The Malik Report
by George Malik on 01/19/12 at 03:06 PM ET
For someone who claims to not care about the All-Star Game, ESPN’s Scott Burnside joined the Ottawa Citizen’s Ken Warren by launching into a scathing criticism of the NHL’s decision to allow Red Wings captain Nicklas Lidstrom and Anaheim Ducks forward Teemu Selanne to skip the All-Star weekend…
I applauded commissioner Gary Bettman’s strong stance at the 2009 All-Star Game in Montreal, when Pavel Datsyuk and Nicklas Lidstrom declined to show up for the proceedings after they’d been selected to participate. Bettman had previously told his GMs that he didn’t want guys pulling the plug after they’d been chosen and that if players were bowing out using the injury card, they wouldn’t be able to play in the first game back after the All-Star break. So, in effect, Lidstrom and Datsyuk were suspended for a game after the ’09 break. The Wings hated it and it was a tough call given the long years of dedicated service Lidstrom had put in on behalf of the Wings and the league.
Now, though, that hard stance has apparently fallen by the wayside in favor of the “wink, wink” strategy for avoiding the game. Lidstrom and Hall of Fame-bound Anaheim winger Teemu Selanne, among others, deserved to be in Ottawa and should have been there based on a host of factors, including their All-Star caliber of play this season. But sources have told ESPN.com those players let the league know they’d prefer not to go—heck, Selanne came out publicly saying he wanted a break—and so Corey Perry will go essentially on behalf of Selanne, even though Selanne, as captain, would have been a nice bookend to Ottawa captain Daniel Alfredsson’s captaincy of one of the All-Star teams. Lidstrom, a captain a year ago in Raleigh, is having another Norris-caliber season but won’t be in Ottawa. If you’re going to have the event, and it’s going to mean anything at all, this turn of events is a definite step back and is a slap in the face for the fans who are, after all, paying the freight. They have been cheated out of a chance to celebrate the appearance of two future Hall of Famers in perhaps their final year of play. And the absence of players such as Selanne and Lidstrom is a slap in the face to the players who will show up in Ottawa but would rather be somewhere else. Like many things, it’s all about consistency, or in the case of the All-Star Game, a lack thereof.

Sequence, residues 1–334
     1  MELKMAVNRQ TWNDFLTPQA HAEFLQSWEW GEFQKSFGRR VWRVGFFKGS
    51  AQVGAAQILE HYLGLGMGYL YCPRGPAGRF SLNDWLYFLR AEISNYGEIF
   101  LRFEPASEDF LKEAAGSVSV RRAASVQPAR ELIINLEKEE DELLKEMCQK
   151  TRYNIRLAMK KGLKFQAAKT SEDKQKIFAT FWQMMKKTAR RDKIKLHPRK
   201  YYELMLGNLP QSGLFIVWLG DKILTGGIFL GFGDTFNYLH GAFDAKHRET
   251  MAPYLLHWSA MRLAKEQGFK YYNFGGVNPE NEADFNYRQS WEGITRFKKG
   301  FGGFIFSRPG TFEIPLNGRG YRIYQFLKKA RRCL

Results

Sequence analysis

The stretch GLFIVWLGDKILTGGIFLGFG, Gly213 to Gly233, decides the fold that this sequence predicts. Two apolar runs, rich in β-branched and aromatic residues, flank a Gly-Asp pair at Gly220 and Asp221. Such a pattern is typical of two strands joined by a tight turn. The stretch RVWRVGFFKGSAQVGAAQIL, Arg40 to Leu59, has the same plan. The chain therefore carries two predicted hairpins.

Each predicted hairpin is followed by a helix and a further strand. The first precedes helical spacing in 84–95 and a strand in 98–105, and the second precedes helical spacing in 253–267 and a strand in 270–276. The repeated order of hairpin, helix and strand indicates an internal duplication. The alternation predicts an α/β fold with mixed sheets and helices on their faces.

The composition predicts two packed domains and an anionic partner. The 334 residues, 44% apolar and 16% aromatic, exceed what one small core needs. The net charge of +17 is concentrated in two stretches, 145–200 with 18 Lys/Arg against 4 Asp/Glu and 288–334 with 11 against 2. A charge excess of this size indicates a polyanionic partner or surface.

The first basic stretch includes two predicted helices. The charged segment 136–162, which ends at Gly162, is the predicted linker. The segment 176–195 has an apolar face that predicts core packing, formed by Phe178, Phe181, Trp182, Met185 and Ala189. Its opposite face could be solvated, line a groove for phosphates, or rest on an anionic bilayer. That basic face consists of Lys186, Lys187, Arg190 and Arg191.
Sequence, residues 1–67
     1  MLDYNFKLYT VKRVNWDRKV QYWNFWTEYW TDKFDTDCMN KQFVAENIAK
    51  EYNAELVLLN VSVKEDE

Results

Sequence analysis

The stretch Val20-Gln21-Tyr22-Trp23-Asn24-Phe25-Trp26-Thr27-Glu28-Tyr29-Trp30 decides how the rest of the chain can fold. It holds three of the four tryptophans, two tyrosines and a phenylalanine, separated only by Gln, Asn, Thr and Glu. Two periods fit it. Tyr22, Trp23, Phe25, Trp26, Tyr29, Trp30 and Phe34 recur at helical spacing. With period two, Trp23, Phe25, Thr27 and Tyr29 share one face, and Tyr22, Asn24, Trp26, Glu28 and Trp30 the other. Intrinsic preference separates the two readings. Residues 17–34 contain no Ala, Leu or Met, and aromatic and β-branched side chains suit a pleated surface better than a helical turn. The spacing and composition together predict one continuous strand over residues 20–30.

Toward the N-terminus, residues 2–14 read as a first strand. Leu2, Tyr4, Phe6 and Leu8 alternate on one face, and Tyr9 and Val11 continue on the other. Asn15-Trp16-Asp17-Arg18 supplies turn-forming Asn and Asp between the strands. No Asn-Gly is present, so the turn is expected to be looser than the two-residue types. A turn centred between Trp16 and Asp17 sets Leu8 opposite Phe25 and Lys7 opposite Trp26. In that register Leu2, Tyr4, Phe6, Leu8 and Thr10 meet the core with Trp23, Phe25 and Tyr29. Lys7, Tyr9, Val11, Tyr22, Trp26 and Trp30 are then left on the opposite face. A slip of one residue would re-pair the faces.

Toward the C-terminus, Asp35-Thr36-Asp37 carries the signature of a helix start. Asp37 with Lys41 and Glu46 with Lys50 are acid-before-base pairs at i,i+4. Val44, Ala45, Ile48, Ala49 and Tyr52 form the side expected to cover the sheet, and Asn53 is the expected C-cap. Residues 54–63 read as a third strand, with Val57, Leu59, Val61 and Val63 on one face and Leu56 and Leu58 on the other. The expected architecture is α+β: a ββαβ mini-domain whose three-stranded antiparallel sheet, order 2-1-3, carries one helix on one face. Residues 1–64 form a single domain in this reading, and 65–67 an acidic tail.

But we have an explanation as to why the NHL changed its stance via the Canadian Press’s Chris Johnston: Rob Blake took care of the invites on behalf of the NHL’s Hockey Operations department, and it was Blake who chose to allow Lidstrom and Selanne To go unpenalized for skipping the game:
Two other notable omissions earned a free pass from the league. Detroit Red Wings defenceman Nicklas Lidstrom and Anaheim Ducks forward Teemu Selanne—a pair of 41-year-olds possibly in their final NHL season—each asked to be given some time off.
Blake was more than comfortable obliging those requests.
“There’s only a few (players) each year that have earned that right and those two guys have definitely represented the league a number of times and been outstanding players,” said Blake. “A lot goes into how they’re feeling for their run down the stretch. You obviously want them to be ready for their team especially—a guy like Nick Lidstrom is continuously in conference finals and Stanley Cup finals, the amount of games he plays. ...
“Those two guys have earned more respect from their years of service in the league.”
Update: Cue the, “Huh?” via Pro Hockey Talk’s Joe Yerdon:
Of course, the respect they’ve earned is the reason fans who buy tickets to the All-Star Game want to see them. So it’s a bit of a double-edged sword for guys like Lidstrom and Selanne. They’re so well-liked that they’re constantly being pulled in opposite directions. And since they can’t be in two places at the same time, they’re bound to upset somebody and end up feeling guilty.
Meanwhile, disliked people get to stay home alone, watching TV like kings.
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The Malik Report is a destination for all things Red Wings-related. I offer biased, perhaps unprofessional-at-times and verbose coverage of my favorite team, their prospects and developmental affiliates. I've joined the Kukla's Korner family with five years of blogging under my belt, and I hope you'll find almost everything you need to follow your Red Wings at a place where all opinions are created equal and we're all friends, talking about hockey and the team we love to follow.